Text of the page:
Massachusetts prisons and jails hold among the highest percentage of elderly and medically vulnerable prisoners in the nation, yet very few have been released on medical parole. Executive Director of Prisoners’ Legal Services, Elizabeth Matos, joined us remotely to talk about what her clients are experiencing behind bars in many Massachusetts prisons during the Coronavirus pandemic.

Founded in 1972, Prisoners’ Legal Services promotes the safe, humane and lawful treatment of Massachusetts’ prisoners through civil rights litigation, administrative advocacy, client counseling, and outreach.

Here are some highlights from the conversation.

Why Prisoners’ Legal Services was established after the Attica Prison Riot:

PLS was formed after the 1971 Attica Prison Riot, a shocking uprising when inmates in a New York prison protested inhumane prison conditions and launched the modern prisoner rights’ movement. “Sadly decades later, we're still dealing with many of the same conditions that were prevalent at that time,” Matos explained. “There have been some improvements over the years, but this is a population that is still largely dehumanized and forgotten about. We're hoping that people understand that these are human beings that we have locked up in cages. And regardless of what they're convicted for, we're not doing anybody any good by continuing to do things this way.”

How COVID has exacerbated the public health challenges in prisons:

Massachusetts has the highest percentage of elderly prisoners in the country, and the prison population has a disproportionate number of people with chronic conditions like diabetes and heart disease. Matos noted that 55 is considered geriatric in prison because the lack of nutrition, exercise and fresh air can age someone so quickly: “We have clients who are in their forties who look like they're in their seventies.”

PLS is advocating for medically vulnerable and elderly people to be released from state prisons during the pandemic. “I think it’s worth noting that this population — elderly and medically vulnerable — are statistically the least likely to reoffend in the system,” Matos said. “Despite that fact, and the fact that many have already served decades of their sentence, we still have not made significant efforts in the state prison system.”

How the prison phone industry hurts family members of the incarcerated:

Family members often bear the financial brunt of the costs of incarceration, especially when it comes to phone calls, which are controlled nationally by just two corporations. “It's a monopoly, essentially, and they charge exorbitant phone rates to families who want to connect with their loved ones inside,” Matos said. “It's cost-prohibitive for many of these families, the same families who are struggling with unemployment or who are disproportionately affected by COVID.”

This hurts many children who have parents inside, according to Matos. “We have clients who help their children with math homework over the phone, and who read to them over the phone. It’s a way for them to establish and maintain those relationships.” Matos pointed to the evidence which shows that connections to family members while incarcerated is directly related to positive re-entry and lower recidivism rates.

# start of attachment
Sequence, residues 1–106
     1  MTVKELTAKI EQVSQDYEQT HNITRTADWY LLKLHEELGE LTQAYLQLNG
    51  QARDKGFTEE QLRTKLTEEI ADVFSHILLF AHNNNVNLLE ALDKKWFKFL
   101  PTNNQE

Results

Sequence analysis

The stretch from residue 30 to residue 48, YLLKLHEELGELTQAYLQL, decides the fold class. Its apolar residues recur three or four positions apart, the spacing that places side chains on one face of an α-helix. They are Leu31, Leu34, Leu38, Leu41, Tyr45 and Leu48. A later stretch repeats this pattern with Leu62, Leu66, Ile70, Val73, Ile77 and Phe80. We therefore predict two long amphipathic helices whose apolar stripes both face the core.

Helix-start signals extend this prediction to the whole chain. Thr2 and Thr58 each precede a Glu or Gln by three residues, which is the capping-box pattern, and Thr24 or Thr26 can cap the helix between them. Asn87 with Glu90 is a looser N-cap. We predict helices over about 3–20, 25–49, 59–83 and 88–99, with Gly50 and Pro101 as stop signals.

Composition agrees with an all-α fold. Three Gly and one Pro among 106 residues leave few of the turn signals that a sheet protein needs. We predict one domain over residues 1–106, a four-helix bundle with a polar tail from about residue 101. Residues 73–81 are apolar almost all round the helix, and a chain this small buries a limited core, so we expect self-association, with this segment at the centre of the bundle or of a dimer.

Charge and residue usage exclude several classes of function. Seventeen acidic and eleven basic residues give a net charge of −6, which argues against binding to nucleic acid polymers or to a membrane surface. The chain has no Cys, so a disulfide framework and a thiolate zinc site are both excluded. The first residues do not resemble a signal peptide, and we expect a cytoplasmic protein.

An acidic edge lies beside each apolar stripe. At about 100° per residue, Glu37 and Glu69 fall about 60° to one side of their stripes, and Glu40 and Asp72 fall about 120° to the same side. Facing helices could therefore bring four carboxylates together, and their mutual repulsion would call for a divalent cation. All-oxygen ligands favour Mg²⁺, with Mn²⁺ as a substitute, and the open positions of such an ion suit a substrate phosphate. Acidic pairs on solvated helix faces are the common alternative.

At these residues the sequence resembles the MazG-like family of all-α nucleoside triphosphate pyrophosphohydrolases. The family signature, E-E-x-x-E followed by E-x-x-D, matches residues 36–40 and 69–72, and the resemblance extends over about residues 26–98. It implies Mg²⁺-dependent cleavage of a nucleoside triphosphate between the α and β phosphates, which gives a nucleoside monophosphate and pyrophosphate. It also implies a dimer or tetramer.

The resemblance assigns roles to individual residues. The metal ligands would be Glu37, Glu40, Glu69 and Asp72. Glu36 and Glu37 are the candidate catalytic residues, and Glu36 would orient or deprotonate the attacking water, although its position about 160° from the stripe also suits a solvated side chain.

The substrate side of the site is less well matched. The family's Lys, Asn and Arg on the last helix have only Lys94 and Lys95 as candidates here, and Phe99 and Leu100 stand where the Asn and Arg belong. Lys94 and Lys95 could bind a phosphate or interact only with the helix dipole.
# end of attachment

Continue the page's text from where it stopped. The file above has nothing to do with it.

How online trials during COVID are hurting vulnerable prisoners:

During the pandemic, many trials have moved online, meaning people inside prisons rely on technology that is unreliable and prone to breaking. Matos said that distance trials take away the opportunity for a judge to see a person as a full human being while being sentenced. “It's really important sometimes to have them [the person charged] in the courtroom, where the judge and others can see and hear them, and see their mannerisms,” Matos explained. “They [the judges and attorneys] understand that this person isn't a ‘monster’ — this isn't someone who fits the stereotypical imagery that people have of someone who's incarcerated, which is, quite frankly, racist imagery.”

How the prison system’s handling of COVID reflects larger inequities in the state:

Matos said that even in a liberal state like Massachusetts, COVID is highlighting racial and social inequities that are not being addressed. “Massachusetts has traditionally been a ‘tough on crime’ state. The criminal justice reform movement certainly was very significant, but it was a major battle,” Matos explained. “It’s shifting nationally, but Massachusetts still has a ton of work to do. And I think that is evident in the debates that we're seeing now on policing and police reform — the state is not quite ready to reckon with the fact racial inequities exist in our criminal legal system and that they perpetuate racial inequities here in Massachusetts.”

Matos pointed out that 96% of the people who are incarcerated get released back to society at some point: “That’s another reason why we should care about the conditions inside — because of course, it impacts all of us.”

Ripple Effect is an ongoing video series looking at the varying levels of impact COVID-19 has had across our region. View more in the series here.